Kevin Pietersen’s poor form a major worry for England

By Rhys Hayward
Kevin Pietersen

Kevin Pietersen (Photo: Miles Underwood)

Kevin Pietersen’s run of poor form is set to be the major talking point ahead of England’s opening Test in Bangladesh on Friday.

The Hampshire batsman is widely regarded as England’s most talented player but since being controversially sacked as captain of the team over 12 months ago, his efforts with the bat have been ordinary at best.

He played little part in regaining the Ashes in England last summer and on returning from a troublesome achilles injury in South Africa, he failed to make a significant impact against the country of his birth.

Pinpointing Pietersen’s problem appears an almost impossible task. World-class batsmen may have weaknesses, but the very best — and KP should be counted amongst that elite group — succeed because they are able to negate such difficulties.

Pietersen can be an ugly batsman at times and his bizarre struggles against left arm spin bowling in particular are well documented. But he has always had the same issues and the fact that he has managed to amass 16 Test centuries at an average of a little under 50 in his career so far suggests technique is not the problem.

No, the more serious questions should surround his mental state. Pietersen has cut a rather withdrawn, alienated figure at times over the past twelve months, distracted first by the humiliating curtailment of his captaincy reign and then by injury and subsequent rehabilitation.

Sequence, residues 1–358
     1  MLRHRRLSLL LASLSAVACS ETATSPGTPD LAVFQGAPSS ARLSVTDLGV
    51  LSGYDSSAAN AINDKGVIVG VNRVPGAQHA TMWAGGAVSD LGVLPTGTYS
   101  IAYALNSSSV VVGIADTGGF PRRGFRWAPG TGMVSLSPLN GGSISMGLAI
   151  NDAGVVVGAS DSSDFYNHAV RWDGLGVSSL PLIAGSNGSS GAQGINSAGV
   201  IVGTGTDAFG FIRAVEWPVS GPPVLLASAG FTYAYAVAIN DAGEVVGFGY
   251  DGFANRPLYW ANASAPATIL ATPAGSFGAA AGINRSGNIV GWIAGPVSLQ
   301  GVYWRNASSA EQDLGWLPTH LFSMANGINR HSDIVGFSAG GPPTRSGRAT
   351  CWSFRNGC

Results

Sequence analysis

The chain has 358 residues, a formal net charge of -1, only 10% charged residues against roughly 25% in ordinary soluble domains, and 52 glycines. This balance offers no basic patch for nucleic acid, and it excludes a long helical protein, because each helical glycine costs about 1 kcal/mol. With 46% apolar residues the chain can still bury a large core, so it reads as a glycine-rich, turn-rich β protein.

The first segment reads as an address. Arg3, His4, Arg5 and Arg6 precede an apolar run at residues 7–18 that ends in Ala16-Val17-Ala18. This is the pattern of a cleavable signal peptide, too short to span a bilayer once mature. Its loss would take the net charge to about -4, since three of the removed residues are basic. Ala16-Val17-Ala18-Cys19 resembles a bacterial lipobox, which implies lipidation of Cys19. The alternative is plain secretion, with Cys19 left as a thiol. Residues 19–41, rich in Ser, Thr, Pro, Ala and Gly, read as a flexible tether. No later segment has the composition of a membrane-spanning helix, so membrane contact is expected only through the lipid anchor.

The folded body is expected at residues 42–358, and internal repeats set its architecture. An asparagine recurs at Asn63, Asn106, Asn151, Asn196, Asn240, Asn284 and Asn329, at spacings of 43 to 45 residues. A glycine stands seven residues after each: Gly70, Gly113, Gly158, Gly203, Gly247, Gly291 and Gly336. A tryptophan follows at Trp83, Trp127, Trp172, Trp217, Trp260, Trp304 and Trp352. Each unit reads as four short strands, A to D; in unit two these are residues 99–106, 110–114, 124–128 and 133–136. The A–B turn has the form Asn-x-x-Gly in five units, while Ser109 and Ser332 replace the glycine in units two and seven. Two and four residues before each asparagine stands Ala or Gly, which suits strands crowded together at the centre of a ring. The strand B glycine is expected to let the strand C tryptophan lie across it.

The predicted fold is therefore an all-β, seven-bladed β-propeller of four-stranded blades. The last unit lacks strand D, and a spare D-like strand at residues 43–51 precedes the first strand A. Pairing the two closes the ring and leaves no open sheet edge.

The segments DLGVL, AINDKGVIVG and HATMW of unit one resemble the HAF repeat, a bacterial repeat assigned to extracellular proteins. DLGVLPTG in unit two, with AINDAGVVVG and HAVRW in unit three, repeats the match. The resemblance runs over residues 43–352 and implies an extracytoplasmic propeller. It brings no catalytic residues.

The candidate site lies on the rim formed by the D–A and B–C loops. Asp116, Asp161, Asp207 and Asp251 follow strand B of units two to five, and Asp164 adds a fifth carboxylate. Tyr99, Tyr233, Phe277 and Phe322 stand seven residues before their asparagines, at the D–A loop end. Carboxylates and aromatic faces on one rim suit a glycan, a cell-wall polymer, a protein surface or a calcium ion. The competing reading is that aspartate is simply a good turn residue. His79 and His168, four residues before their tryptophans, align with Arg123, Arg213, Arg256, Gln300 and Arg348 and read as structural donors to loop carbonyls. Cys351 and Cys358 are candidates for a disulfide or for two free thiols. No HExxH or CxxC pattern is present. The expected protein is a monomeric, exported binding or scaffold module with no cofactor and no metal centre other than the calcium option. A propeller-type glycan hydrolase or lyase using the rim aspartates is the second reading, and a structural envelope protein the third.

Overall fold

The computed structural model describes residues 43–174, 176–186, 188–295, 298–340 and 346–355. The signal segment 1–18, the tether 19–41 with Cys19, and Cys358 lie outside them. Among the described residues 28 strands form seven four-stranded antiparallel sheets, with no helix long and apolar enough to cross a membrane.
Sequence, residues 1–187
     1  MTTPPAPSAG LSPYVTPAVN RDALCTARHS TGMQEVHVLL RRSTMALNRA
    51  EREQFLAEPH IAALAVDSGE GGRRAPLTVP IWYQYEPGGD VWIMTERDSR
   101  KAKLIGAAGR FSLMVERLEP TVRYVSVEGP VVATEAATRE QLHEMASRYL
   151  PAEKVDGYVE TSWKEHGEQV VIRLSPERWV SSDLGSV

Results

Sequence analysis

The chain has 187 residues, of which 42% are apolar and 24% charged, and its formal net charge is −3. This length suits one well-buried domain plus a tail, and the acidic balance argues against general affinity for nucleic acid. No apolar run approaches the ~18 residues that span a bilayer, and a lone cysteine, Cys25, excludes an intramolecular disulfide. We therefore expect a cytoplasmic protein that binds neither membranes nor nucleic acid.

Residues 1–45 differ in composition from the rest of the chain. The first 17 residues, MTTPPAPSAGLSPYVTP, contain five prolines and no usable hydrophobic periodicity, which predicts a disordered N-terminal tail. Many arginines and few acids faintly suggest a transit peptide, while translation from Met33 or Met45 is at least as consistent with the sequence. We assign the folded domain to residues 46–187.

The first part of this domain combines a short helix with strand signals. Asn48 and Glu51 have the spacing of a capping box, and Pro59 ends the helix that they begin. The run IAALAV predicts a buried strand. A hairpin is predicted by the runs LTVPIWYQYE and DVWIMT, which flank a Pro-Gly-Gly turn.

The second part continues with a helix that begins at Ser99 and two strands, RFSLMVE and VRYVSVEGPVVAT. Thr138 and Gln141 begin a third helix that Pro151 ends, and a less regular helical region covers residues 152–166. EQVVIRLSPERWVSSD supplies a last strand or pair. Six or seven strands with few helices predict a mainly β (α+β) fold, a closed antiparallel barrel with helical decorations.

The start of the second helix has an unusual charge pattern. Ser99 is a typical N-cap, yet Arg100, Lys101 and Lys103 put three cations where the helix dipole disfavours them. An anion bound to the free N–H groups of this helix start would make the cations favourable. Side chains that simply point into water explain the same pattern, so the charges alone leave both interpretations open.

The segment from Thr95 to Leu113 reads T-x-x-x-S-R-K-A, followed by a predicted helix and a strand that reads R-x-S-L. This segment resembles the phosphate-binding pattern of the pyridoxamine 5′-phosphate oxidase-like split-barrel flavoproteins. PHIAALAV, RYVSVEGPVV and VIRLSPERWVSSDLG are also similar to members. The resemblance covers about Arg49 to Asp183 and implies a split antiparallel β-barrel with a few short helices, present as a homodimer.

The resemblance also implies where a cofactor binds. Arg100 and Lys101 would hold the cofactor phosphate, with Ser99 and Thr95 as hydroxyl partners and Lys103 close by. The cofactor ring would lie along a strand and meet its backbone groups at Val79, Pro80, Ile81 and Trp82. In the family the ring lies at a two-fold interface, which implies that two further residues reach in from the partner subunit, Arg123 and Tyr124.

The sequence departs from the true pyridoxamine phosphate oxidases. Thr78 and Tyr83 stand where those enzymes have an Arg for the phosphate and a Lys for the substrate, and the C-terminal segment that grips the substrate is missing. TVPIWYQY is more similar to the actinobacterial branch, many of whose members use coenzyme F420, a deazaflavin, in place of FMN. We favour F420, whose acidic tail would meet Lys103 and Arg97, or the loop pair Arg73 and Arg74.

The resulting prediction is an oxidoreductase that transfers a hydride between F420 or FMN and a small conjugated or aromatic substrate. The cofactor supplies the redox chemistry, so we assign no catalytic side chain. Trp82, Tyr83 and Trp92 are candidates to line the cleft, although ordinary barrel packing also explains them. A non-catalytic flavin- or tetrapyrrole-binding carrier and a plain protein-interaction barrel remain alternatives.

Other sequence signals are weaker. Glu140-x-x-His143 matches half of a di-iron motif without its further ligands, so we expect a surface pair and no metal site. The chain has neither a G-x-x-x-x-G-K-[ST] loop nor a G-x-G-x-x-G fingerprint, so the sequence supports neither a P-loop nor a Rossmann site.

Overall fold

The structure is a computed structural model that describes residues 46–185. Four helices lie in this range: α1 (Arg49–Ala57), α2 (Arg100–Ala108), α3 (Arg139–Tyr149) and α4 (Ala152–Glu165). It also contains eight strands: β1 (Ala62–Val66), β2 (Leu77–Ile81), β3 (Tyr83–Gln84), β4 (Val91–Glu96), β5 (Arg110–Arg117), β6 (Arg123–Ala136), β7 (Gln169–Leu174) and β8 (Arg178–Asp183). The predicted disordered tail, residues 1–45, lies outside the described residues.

And now, just as he has a perfect opportunity to regain his form against the world’s weakest country, he is close to going on paternity leave for the birth of his first child. I am not for one moment suggesting that Pietersen should forgo his right to be present at the birth, but as an England supporter it is frustrating to think that this current malaise may continue.

Conventional wisdom seems to be that Pietersen will regain his form, but it is far from inconceivable that his best days are behind him.

The relentless nature of the modern international game can weigh heavily on the shoulders of those involved and for someone such as Pietersen; within sight of his 30th birthday and about to become a father, sustaining the same level of ambition which defined his early career may be impossible.

And whilst it is unlikely that he would turn his back on England at any point in the near future, playing international cricket is no longer a financial necessity for players such as Pietersen.

He has never been adored by the majority of the English public, who demand more from him as the star player than anyone else in the team. His flamboyant, occasionally reckless batting has been a source of consternation for some critics, but it may also have tempered his prolific run getting.

If he were never to hit a ball in anger for England again, Pietersen would be best remembered for his thrilling, counter attacking century on the final day of the 2005 Ashes series. It was an innings of pure youthful exuberance; the kind only a bashful youth in his fifth Test match could have played. And maybe that is the problem.


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